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“7 THINGS - about which I’ve lied to my kids”
This week's "7 THINGS!"
“7 THINGS - about which I’ve lied to my kids”
Yes, this is a confession from a mother who lies to her children. I always have. And before you recoil in horror and condemn me to the naughty step, ask yourself if you have ever been guilty of any of the following. If you have ever said or supported similar when talking to little ones. I’m kinda hoping you have or else I am a really, really bad person…
Things I have lied to my kids about… here are this week’s “7 THINGS”
1. “Important imaginary figures who may or may not exist.” You know the ones I’m talking about; they deliver gifts via a chimney at Christmas time, they collect your milk teeth from under your pillow and they have long floppy ears and show up when chocolate eggs are in the offing… I still remember the look of horror and confusion on my son’s face when a “big boy” told him the truth. That big boy was 5. Nursery can be brutal…
2. “It won’t hurt, you’ll be fine!” This at numerous appointments for dental extractions, vaccinations, minor ops, and the inevitable stitches to sew them back together. This I have learned only buys you a little bit of time and actually in hindsight it might have been better in terms of emotional and physical preparation to tell them ‘it might hurt a little…’ thus maybe avoiding the shouts of absolute horror and faces contorted with tears when they hold your eye line and say, ‘you said it wasn’t going to hurt?’
3. “We can’t have pets here because they are not allowed.” As an army family, we moved a lot and each time the boys yearned for a dog/cat/rat/gecko I’d tell them it was not up to me but the British Army who had decreed; no pets in army housing.
‘How come George who lives next door has a dog?’
one of their favourite questions and,
‘Millie has two cats and stick insects!’
My reply? ‘Well, I just hope the Military Police don’t catch them!’
This worked well until we dog sat for George’s parents one weekend and the boys insisted on closing all the curtains and jumped every time the dog barked… while we fed and stroked the four-legged fugitive. Walking him under the guise of moonlight felt safest.
4. “Yes, I LOVE them!” I’ve lost count of the times I’ve responded like this to the question of ‘what do you think of my new partner?’ – now just to be clear, son one is going steady (do we still say that?) with the girl of my dreams for him. I’d pick her. I love her. I’ve already told him that if ever they split up – God, I’d miss him… but we have not always been so blessed. I’ve had to bite my lip while girls I knew were going to stamp on his heart like it was a dropped pea in the kitchen or who were blatantly mean, hung around the in their pants, looking at everything and everyone as if we we’d just queue jumped. I knew it was better to embrace them, to make life as smooth as possible but I can’t pretend it wasn’t tricky!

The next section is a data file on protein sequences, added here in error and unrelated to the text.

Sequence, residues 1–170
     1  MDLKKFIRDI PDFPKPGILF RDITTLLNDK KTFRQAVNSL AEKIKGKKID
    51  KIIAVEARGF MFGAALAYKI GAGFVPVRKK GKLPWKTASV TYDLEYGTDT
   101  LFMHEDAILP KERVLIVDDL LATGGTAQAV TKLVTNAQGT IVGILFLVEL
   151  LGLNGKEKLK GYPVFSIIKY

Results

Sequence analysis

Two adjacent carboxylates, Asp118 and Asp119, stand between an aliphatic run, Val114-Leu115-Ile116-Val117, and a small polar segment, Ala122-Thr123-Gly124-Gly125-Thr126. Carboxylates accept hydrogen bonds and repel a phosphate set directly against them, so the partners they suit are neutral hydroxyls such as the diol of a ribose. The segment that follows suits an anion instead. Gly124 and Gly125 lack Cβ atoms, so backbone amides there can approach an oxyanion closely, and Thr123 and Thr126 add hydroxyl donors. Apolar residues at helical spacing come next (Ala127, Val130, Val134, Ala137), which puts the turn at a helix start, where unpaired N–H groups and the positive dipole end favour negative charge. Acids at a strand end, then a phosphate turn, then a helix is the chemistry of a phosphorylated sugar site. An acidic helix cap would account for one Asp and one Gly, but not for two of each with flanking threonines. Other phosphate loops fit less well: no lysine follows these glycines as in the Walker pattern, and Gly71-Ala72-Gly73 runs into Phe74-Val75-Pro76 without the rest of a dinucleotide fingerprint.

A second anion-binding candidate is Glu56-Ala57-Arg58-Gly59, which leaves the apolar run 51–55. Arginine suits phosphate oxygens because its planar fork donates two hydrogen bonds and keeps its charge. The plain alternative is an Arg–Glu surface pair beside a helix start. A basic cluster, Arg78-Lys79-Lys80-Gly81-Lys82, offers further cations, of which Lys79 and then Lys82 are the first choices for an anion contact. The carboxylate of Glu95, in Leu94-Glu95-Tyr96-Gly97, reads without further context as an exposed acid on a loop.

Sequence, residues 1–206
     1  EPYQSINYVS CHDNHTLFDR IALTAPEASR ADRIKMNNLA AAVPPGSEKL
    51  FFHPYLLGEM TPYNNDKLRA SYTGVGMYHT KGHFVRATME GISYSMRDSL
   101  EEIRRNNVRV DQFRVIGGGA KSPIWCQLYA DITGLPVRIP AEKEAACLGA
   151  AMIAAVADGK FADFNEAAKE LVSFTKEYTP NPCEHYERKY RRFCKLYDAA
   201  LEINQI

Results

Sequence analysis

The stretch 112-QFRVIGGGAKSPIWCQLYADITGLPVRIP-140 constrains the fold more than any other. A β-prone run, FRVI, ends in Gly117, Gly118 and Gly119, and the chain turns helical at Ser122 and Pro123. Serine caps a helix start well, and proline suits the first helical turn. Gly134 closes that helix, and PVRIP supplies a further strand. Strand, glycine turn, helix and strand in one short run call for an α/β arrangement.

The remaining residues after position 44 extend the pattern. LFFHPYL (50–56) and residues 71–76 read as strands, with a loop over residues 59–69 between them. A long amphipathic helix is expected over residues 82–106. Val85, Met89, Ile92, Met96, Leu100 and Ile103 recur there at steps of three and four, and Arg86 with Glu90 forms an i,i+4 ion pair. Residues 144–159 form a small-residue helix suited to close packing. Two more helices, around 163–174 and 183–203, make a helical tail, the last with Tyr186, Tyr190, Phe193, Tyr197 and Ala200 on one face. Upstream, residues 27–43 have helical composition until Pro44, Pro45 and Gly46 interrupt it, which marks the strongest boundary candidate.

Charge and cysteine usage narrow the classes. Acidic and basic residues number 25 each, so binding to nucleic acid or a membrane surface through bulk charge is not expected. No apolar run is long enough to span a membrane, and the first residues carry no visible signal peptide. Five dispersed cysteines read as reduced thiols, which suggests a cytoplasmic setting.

5. “NO! I don’t need a birthday/Mother’s Day/Christmas card!” Pah, I don’t need such bits of paper that are not only bad for the planet – expensive and far more commercial than they need to be! A quick text is absolutely fine! Whereas the truth is this: IT’S NOT FINE! I want that card! I want to open it, savour it, put it on the mantelpiece and get misty eyed over words written in haste in your less than perfect penmanship! I want to keep the card in a box under my bed with other bits of toot you made when you were little, love notes scribbled in pencil and left on my pillow, necklaces made of straws… oh please, just one card would make my bloody day!
6. “You should definitely go – have a great time! Spread your wings!” I’ve lost count of the times I’ve said this about jobs, new homes, college courses, festivals, trips abroad and others… ‘yes, go grab life! Have fun! See the world!’ I smile while I say it. Good Lord, I’ve even helped them pack! When what I want to do is fall on my knees and beg them not to stray too far from home. I want them close because I am their mum, and I can keep them safe. I sleep best when they are under my roof. And all the things that I fear are waiting in the big wide world to trip them up, things which loom large in my mind in the early hours can be kept at bay, if only they stay close to me.
7. “I’m fine!” this my go to phrase for just about anything. If illness is knocking on my door, loneliness is wrapped around my body or worry pokes me with its pointy stick before dawn, I tell the kids, “I’m fine!” Sometimes though I’m not fine. Sometimes I howl big fat, snotty tears. I cry because they are not little anymore but are big grown men whose need of me has (quite rightly) lessened. I cry because I miss their presence, their noise, their chatter, their mess! I cry because as they grow, they slip through my fingers a little, and again, (quite rightly) loving others more than me, building a life that is not set on the foundations I laid. My heart is full for the wonderful grown-up’s they have become. Pride bookends my words when describing them, but I lie when I say, “I’m fine!” and here’s the truth: I would give anything to have one more day when the boys were little and would put their hand in mine to cross a road, would laugh at my jokes, snuggle next to me on the sofa and sleep soundly because I was keeping watch. One more day when the possibility of magic existed, whether in the form of the gifts delivered via a chimney at Christmas time, milk teeth collected from under their pillows or the thought of the floppy eared one, showing up when chocolate eggs were in the offing… God how I miss those days. And that’s no lie.
Thank you for reading X